Week of the living dead

Zombies invade Chico State

“Original zombie” John Pozzi (right), an applied computer graphics lecturer at Chico State, is guarded closely by his crew of undead cohorts.

“Original zombie” John Pozzi (right), an applied computer graphics lecturer at Chico State, is guarded closely by his crew of undead cohorts.

Photo By Stacey kennelly

Horror film director George Romero started it, and Chico State student Will Owen is helping keep it alive.

The zombie craze, that is.

“We’re gonna have people being chased across campus between classes,” Owen said. “And squadrons of people, groups of wannabe paramilitary sock-throwing commandoes, who are hunting zombies.”

Owen, a senior computer-graphics major and zombie enthusiast, was referring to Humans vs. Zombies—known by insiders as “HvZ”—a weeklong game of tag in which humans defend themselves from infection by zombies. The game started at midnight Monday (Oct. 26) on the Chico State campus and will end when the clock strikes Halloween.

A couple of students from Goucher College on the East Coast started HvZ in 2005, and Owen said the game has been rising in popularity on campuses throughout the nation since Comedy Central’s Stephen Colbert called zombies the “No. 1 threat to America.” The fake pundit featured the game during an episode of The Colbert Report, telling students to stop trivializing the threat of the undead by playing “fake zombies.”

At Chico State—where the game is being played for the first time this year—Owen said some of the more “hardcore” players are sporting official HvZ T-shirts while others are shambling around campus fully costumed.

“So we’re going full-out role playing,” he said. “It’s gone beyond just a game of tag.”

The craze with the undead has been slipping in and out of popularity in the decades since Romero began making horror films about the zombie apocalypse, such as 1968’s Night of the Living Dead. In recent years, the obsession has been fueled by movies such as Dawn of the Dead, Shaun of the Dead and 28 Days Later.

Owen, who got hooked on zombies in the fifth grade by playing the game Resident Evil on PlayStation, learned about HvZ this time last year, and decided Chico State needed to get in on the fun. That’s when he started organizing the first trial game with other computer graphics students around the O’Connell Technology Center. Soon the “art kids” in Ayres Hall got word and wanted in, and without Owen even knowing it, an entire floor from Whitney Hall joined in on the cause.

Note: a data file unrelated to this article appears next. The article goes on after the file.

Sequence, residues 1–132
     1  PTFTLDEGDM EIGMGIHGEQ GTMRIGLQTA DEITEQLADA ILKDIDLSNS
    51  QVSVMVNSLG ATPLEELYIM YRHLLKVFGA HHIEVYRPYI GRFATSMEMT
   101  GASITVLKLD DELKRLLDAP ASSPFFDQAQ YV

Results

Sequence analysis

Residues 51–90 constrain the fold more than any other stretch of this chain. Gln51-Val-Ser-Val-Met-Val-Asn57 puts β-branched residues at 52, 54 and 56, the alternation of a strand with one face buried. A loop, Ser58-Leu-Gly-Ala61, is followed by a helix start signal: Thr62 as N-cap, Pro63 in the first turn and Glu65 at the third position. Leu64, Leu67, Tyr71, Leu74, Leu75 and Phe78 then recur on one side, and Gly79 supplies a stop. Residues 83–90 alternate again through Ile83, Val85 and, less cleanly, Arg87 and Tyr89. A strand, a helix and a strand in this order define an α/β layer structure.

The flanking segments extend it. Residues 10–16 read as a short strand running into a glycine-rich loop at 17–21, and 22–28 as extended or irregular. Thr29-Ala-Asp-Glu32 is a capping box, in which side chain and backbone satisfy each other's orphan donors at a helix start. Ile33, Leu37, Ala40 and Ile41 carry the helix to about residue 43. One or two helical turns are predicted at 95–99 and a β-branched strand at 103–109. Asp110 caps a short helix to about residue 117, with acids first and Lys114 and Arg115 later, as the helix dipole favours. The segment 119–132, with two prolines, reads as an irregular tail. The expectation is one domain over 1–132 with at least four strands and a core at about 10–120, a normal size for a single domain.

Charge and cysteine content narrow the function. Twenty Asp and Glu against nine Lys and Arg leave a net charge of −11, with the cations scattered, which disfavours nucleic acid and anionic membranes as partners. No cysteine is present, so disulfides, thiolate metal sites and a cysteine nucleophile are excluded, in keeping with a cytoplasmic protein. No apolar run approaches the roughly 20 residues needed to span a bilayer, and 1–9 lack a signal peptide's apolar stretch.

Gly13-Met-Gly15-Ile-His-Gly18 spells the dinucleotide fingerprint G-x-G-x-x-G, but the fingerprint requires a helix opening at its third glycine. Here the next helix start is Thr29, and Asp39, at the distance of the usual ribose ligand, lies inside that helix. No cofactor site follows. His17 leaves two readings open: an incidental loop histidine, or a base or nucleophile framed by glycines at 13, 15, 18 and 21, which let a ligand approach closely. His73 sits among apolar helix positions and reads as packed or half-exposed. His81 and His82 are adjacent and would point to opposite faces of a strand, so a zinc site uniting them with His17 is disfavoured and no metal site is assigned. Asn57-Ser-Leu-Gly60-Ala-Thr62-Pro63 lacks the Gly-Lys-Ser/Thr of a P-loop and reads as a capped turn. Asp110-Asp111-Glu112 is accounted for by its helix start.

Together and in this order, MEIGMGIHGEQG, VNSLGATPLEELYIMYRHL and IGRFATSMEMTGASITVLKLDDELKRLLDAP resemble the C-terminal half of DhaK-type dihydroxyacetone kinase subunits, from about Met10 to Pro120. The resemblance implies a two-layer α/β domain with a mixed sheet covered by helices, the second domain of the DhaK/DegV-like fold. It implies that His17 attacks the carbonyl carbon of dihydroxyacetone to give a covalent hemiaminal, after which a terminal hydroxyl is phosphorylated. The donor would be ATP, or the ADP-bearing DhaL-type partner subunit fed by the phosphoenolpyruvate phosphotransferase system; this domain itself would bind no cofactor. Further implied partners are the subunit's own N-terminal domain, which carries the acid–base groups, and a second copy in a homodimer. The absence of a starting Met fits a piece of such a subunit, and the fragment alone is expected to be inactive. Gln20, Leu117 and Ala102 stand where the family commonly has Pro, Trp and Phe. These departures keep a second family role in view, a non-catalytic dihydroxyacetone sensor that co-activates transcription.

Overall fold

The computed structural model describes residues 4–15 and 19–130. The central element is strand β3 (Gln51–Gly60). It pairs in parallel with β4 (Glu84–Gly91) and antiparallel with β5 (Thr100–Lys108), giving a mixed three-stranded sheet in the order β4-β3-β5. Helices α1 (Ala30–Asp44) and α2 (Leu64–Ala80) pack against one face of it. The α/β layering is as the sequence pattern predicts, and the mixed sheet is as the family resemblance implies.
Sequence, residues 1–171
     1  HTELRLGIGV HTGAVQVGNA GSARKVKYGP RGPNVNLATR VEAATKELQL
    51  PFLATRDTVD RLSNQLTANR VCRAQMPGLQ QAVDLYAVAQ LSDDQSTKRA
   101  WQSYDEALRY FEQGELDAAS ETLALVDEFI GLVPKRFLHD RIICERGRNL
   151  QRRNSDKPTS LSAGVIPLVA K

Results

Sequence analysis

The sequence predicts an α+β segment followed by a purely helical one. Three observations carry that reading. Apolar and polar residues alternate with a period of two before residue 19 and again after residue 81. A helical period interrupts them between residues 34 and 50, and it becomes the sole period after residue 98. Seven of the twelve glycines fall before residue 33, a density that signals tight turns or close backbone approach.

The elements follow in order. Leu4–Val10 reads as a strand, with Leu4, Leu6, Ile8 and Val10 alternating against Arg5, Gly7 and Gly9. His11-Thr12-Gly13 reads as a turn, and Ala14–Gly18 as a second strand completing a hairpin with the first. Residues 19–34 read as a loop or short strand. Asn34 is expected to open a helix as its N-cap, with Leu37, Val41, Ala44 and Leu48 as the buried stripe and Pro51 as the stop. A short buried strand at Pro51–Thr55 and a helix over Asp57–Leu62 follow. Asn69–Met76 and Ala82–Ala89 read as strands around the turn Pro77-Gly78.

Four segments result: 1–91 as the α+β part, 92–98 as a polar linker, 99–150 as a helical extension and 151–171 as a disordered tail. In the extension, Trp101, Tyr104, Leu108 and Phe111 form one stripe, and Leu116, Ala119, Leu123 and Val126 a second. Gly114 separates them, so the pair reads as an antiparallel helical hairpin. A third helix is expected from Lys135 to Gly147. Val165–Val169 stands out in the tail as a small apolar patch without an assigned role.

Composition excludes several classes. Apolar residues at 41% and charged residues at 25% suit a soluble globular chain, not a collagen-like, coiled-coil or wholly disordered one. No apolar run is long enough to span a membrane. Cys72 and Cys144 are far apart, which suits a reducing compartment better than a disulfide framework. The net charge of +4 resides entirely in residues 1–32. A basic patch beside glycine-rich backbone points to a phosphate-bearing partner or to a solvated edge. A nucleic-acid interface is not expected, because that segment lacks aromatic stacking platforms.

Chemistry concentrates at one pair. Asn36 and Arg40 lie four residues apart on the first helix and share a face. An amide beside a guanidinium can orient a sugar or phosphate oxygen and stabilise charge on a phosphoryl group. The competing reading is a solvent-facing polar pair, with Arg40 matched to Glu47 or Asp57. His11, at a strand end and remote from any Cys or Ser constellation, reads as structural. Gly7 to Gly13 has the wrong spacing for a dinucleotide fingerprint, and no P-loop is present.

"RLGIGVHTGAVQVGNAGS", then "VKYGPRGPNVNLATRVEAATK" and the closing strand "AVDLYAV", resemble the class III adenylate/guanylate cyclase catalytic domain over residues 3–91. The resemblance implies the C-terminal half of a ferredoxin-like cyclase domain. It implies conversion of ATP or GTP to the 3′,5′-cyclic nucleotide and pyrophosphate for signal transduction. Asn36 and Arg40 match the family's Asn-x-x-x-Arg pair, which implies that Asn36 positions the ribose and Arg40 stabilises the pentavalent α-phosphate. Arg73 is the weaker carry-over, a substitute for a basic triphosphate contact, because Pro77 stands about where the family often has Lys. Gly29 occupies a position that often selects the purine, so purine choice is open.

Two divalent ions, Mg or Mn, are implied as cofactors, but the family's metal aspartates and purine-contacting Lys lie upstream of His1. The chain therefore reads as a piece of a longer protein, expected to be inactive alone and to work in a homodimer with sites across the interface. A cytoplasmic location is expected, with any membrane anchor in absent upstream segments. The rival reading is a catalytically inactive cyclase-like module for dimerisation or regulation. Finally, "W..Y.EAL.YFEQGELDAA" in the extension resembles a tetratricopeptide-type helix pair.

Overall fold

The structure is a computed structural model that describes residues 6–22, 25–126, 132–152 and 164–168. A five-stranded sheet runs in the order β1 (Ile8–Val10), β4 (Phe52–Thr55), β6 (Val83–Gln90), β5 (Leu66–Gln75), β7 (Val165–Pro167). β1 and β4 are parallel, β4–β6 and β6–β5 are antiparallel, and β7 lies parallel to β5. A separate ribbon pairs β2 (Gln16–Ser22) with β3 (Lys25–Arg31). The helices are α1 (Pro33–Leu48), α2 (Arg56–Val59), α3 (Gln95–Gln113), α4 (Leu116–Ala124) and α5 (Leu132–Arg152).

“That’s just where it started with us,” he said of the game’s 180 participants. “On other campuses, the game goes through all cliques, all interests.”

Owen worked with campus administration to get the go-ahead, which wasn’t an easy task. Getting approval required a lot of footwork with the Student Activities Office, Risk Management and University Police.

To appease administrators, Owen instituted a liability and safety waiver participants were required to sign before playing. He made it a rule that students can’t play on campus between 6:30 p.m. and 7 a.m. in response to safety concerns from campus police, and he promised that participants would use socks to stun zombies instead of Nerf guns, which are commonly used on other campuses.

A few weeks prior to the event, Owen set up meetings to give participants the rules, including the ins and outs of defending themselves from a zombie takeover. The crash-course was also for those who signed up as part of “original zombie” pool.

The premise of the game is pretty simple: Zombies, who are marked by headbands, infect their human victims (only those who wear armbands to signify their participation) by physically tagging them between classes on or off campus. The only defense against the undead is to hit them with socks, thereby stunning them for 15 minutes.

Once tagged, humans hand over an identification number to the zombies, who have three hours to change their victim’s status from “human” to “zombie” by entering the ID into the HvZ Web site (Chico.HvZsource.com) for all other game-players to see—and watch out for. Their roles, of course, switch from defending themselves to tagging at least one human (“feasting on a corpse”) every 48 hours for survival.

Owen played in the trial game, but as moderator for the first official game, he has to sit out. At the end of the five-day gaming period, either zombies or humans will walk away with bragging rights.

HvZ may sound like all fun and games, but there’s a surprisingly academic side to all this zombie-play.

“This game really encourages team-building, communication and leadership,” Owen said. “It’s an alternative to drinking and partying and other activities that haven’t been so good to the image of Chico.

“It’s just a way for people to stop taking life so seriously,” he added. “It’s a chance to become a little kid again.”